Learning From U.K. On China Visas
As Washington policy-makers continue to wrangle over the budget and Obamacare, they delay having substantive discussions to advance other long-overdue important measures, such as immigration reform and economic initiatives to create jobs and stimulate the economy.
Meanwhile, other nations are proceeding post haste with initiatives that are going to position their countries to compete much more strongly in the global marketplace. Take the U.K., for instance. It recently announced that visa applications for Chinese tourists entering its country would be simplified. Under the present system, Chinese tourists can apply for a single visa to visit much of Europe, but a separate one is needed to travel to Great Britain. Obviously, the extra and cumbersome paperwork has served as a disincentive for Chinese visitors to include the U.K. in a trip to the European continent. By moving toward a mobile visa scheme, it will seek out the applicants to gather their paperwork and biometric data, and the whole process promises to take less than five minutes! Furthermore, a “super priority” 24-hour visa service will be launched in 2014.
British Chancellor of the Exchequer George Osborne, in a speech at a joint Chinese-British forum announcing the visa changes, stated, “What I really want it to be about is strengthening the understanding between our two nations, deepening our friendship …”
I have been a longtime proponent of more visa waiver measures with Asian nations. Now, if the Brits can somehow figure out how to work through their security concerns and the myriad other issues that have prevented them from making these innovative changes to their Chinese travel policy earlier, why can’t the U.S. do the same? After all, hasn’t America, on several occasions, through a variety of important voices in the government, military and economic sectors, proclaimed that the U.S. is a “Pacific nation” and that this is the “Age of the Pacific Century”?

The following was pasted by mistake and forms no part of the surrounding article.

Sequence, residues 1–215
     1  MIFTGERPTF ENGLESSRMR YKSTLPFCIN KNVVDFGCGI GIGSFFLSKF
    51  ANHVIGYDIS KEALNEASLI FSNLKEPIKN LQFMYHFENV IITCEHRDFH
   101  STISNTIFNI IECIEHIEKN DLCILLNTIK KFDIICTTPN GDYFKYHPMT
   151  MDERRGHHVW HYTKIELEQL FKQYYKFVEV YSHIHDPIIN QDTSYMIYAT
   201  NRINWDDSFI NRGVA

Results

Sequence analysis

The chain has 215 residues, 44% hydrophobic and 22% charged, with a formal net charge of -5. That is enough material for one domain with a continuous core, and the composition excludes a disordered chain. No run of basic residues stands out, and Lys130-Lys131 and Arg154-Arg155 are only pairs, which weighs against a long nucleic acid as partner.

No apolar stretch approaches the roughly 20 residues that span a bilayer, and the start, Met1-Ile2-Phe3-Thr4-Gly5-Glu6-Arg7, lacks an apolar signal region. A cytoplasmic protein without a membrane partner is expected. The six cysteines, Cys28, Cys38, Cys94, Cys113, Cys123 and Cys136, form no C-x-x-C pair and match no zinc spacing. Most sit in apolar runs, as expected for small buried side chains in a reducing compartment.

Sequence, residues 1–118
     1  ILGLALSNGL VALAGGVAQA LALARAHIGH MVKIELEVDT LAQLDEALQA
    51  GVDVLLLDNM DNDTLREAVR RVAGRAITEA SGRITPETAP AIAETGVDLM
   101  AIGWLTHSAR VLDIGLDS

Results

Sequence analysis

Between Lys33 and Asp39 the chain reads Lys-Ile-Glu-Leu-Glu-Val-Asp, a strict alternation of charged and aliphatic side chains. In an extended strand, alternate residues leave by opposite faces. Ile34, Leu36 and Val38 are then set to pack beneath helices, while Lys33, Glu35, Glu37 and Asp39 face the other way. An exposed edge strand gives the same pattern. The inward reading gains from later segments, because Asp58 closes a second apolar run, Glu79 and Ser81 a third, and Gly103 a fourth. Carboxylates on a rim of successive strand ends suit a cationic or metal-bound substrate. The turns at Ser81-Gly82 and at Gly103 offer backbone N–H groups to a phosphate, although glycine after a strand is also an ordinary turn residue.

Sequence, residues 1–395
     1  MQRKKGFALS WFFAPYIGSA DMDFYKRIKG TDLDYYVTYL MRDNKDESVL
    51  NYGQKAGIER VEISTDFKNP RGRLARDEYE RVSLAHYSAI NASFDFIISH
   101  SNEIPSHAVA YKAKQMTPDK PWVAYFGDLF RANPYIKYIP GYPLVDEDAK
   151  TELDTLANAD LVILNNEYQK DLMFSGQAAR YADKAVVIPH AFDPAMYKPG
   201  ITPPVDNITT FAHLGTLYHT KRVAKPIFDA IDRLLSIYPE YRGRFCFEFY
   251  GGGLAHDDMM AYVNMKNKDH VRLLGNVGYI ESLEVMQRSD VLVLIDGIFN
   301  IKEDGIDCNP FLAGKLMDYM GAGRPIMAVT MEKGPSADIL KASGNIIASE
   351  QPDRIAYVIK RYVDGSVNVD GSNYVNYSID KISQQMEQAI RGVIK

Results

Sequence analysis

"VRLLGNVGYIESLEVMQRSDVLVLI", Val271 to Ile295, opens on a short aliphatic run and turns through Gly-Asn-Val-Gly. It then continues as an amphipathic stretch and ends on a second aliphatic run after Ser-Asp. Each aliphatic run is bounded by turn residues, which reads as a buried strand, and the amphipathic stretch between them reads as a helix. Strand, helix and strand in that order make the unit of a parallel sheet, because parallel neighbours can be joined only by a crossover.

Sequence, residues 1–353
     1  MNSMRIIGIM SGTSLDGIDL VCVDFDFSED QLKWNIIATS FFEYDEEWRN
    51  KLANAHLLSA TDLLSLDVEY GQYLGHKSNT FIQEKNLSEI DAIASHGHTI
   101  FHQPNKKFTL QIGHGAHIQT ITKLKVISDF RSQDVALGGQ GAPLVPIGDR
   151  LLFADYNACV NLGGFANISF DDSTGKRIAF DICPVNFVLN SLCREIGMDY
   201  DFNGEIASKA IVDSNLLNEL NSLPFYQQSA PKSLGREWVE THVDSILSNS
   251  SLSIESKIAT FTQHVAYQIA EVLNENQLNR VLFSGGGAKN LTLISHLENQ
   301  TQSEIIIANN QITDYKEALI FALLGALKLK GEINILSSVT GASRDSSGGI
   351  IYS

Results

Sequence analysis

Let’s take a page from the U.K., sooner rather than later.
“Quarterback” Tsutsui – The Key To State Sports Initiative
There were several less than enthusiastic reactions to the Sports Development Initiative announced recently by Gov. Abercrombie and Lt. Gov. Tsutsui. Some in the sporting community panned it as much ado about nothing. One local sportswriter characterized the governor’s press conference as providing “no real answers” and only raised “questions about every sports-money-political issue that has come up over the past 20 years.” Another media editorial pooh-poohed it by asserting that it offered “no specifics at all” and that “it would have been nice” if they had a “world class event” to announce as “proof that the state had been looking at these opportunities all along.”
The central figure in all of this is our Maui-bred lieutenant governor, who is very active in the youth sports activities of his children. Tsutsui has a reputation of working well with others and is not prone to pushing only his ideas.
To “quarterback” this initiative, he needs to assemble a team (a blue-ribbon committee of local sports experts would be helpful), develop a realistic game plan and complete a few “short passes” to build some confidence and public support. That said, he’s probably “the new face and the breath of fresh air” that the NFL would welcome from the state’s team to kick-start the dialogue to keep the Pro Bowl link with Hawaii strong, as well as develop other areas of opportunities for both sides.
Secondly, the LG would be wise to call upon the Hawaii Council of Mayors in promoting his sports agenda. For instance, if hosting the America’s Cup is going to be a major goal, having the Maui and Honolulu mayors on the team working with him to persuade Lanai owner Larry Ellison to help lure the Cup to the 50th State could prove to be very effective.
Finally, prep football has come under fire lately regarding lopsided victories, forfeits and the like. The LG perhaps could be the catalyst for change by providing encouragement and state support, working with a team of school athletic directors and the HHSAA to develop a better and fairer format for all the leagues in Hawaii.
I believe Tsutsui is up to the challenge. He got high marks for his leadership skills as a Senate president. It won’t be easy, but he’ll be off to a good start and, if anything, erase some of the initial skepticism by transferring those proven skills to the athletic playing fields.